In September of 2010, Gilles went to a dealership to purchase a bare-bones Audi station wagon, but something else at the dealership caught his eye: a brand new Porsche Panamera. Dark blue. Metallic paint. Cream interior. This machine was built for him. Gilles took the Panamera home and a year later he still loved driving that car.
Shortly thereafter, in March of 2012, he was diagnosed with ALS, better known as Lou Gehrig’s Disease, a terminal neurological disease for which no cure exists. He battled the disease valiantly, determined to spend his remaining time doing the things that he loved – spending time with his family and friends, sailing on his sailboat, Ker Avel, eating exceptional foods, drinking fine wines and doing as much laughing as possible.
A few days after Thanksgiving, on November 26th 2012, the battle ended.
After his passing, his wife Christine and his son Gary contacted Porsche Financial to find out what they were supposed to do with the car. There were still ten months remaining on the lease, and it was of little use now that its driver had passed. At first they were told that the car could be returned early under the “Hardship Clause” in the agreement.
After a further scrutiny into the lease documentation, Porsche Financial let them know that this clause would not apply. Because Gilles had leased the car and appointed a co-signee, they would be forced to either keep the car until the end of the lease or return it early and pay a fee amounting to double the sum of the remaining lease payments.
The decision was obvious: drive that beast to the bitter last mile. The thought of having to pay Porsche for a car that sits around unused, and return it 10,000 miles short of what was allotted in its lease period was absurd. Why grant Porsche such a beautiful lease return when they refused to honor the hardship clause, if even for a little dose of humanity? Anger grew and an idea surfaced.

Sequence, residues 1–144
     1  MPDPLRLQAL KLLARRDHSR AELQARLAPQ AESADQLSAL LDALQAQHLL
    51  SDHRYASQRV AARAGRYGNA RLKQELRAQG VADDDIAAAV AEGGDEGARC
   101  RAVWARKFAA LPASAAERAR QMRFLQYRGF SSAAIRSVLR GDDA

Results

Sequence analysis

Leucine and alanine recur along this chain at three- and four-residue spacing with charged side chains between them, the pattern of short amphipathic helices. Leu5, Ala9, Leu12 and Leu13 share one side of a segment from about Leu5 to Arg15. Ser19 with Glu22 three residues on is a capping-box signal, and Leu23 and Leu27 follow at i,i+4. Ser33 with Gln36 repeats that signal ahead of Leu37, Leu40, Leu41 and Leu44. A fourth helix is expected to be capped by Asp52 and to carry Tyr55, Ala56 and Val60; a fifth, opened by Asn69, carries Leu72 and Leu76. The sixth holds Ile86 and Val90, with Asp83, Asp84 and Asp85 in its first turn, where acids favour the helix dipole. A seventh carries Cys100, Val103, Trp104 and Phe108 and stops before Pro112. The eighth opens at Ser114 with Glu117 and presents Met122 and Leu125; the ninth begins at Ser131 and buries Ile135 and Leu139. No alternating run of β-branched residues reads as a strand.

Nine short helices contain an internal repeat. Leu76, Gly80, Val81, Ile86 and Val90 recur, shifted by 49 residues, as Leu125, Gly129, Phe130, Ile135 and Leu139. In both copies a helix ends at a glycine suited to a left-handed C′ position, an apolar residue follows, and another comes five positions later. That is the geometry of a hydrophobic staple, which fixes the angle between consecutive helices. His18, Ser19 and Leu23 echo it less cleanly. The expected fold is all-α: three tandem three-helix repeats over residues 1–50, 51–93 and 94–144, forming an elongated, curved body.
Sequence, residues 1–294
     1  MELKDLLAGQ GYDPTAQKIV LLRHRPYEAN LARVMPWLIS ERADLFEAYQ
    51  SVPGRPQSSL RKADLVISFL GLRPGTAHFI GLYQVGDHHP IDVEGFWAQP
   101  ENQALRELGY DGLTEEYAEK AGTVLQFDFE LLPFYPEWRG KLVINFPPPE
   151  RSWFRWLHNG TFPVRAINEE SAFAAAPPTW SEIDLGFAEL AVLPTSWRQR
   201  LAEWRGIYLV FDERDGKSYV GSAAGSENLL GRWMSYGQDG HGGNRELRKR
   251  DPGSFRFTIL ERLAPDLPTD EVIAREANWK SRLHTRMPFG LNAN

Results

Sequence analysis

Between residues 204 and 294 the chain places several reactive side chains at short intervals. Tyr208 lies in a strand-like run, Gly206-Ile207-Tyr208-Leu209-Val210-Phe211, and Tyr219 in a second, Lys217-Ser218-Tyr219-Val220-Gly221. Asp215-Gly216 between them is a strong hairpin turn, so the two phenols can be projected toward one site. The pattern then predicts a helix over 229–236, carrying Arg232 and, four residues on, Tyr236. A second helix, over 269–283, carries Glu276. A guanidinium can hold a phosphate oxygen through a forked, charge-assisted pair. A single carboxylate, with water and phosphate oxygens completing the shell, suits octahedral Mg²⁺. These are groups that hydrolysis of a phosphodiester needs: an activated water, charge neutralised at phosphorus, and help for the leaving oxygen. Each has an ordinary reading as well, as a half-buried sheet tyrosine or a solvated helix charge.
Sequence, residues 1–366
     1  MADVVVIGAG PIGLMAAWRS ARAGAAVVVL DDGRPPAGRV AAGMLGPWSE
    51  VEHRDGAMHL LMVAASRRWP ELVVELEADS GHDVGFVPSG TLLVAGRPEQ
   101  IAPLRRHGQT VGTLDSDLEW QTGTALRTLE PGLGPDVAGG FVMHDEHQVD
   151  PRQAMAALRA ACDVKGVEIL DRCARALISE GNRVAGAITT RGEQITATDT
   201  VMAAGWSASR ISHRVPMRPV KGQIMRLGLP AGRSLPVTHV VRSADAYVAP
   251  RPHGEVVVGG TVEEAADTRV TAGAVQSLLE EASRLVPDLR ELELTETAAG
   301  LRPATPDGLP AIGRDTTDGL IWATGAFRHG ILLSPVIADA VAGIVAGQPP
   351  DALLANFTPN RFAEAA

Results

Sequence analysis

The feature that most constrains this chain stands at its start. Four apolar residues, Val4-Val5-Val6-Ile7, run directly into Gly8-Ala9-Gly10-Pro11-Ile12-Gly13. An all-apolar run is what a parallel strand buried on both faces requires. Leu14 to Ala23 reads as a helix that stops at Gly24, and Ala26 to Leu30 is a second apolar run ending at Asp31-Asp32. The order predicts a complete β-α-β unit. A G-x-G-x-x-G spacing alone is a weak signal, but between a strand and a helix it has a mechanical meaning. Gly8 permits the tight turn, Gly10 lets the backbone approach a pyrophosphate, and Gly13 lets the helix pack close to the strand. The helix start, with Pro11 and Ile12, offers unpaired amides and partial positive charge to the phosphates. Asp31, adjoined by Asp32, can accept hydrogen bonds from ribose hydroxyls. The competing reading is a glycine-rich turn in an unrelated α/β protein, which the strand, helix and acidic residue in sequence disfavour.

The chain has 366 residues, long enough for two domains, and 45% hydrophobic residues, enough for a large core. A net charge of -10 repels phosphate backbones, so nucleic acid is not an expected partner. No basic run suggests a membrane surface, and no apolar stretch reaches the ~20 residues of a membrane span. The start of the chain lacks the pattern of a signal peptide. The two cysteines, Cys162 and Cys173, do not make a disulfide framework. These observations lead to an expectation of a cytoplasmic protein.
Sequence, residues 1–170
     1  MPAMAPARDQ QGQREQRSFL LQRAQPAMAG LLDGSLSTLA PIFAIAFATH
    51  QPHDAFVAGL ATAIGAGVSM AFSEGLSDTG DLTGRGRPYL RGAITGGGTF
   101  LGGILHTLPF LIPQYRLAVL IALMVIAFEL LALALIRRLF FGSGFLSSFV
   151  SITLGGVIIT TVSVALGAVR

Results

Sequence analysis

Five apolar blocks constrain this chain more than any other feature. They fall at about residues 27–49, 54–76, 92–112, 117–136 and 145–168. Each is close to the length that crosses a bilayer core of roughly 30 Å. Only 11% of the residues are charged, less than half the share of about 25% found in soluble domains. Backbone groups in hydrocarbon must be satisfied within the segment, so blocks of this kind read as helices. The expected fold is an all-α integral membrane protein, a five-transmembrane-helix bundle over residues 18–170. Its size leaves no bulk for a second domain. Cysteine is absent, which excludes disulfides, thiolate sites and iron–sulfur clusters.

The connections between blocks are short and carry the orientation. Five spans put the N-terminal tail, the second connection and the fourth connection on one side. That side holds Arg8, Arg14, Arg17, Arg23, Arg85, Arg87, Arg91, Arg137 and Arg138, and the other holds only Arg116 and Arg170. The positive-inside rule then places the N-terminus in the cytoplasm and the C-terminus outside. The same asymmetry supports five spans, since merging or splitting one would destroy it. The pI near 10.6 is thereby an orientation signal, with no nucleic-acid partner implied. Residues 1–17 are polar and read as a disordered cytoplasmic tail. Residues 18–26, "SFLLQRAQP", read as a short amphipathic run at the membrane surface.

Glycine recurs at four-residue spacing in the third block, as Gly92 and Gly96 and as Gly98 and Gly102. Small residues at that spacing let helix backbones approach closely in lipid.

The lease on the Panamera ends in September, and with 10,000 miles left, what better way to honor Gilles’ memory than to take the car that brought him so much joy, and fill it with friendship and laughter? The same contagious and very special laughter Gilles brought to the world every day. It was time to turn a “hardship” into a “good-ship”.
Gilles also loved an adventure. And that is exactly what The PanAmerica is.
Despite the sadness and the loss, Gilles and his family knew that they were extremely fortunate: they were able to shoulder the astronomical costs which are associated with the equipment ALS patients need to survive and live as comfortably as possible.
The ALS Association works hard to raise awareness, fund research, and most importantly, help families deal with the diagnosis both emotionally and financially.
The Pan America. 10,000 miles, 33 states, 4 friends, and 1 car… for a cause.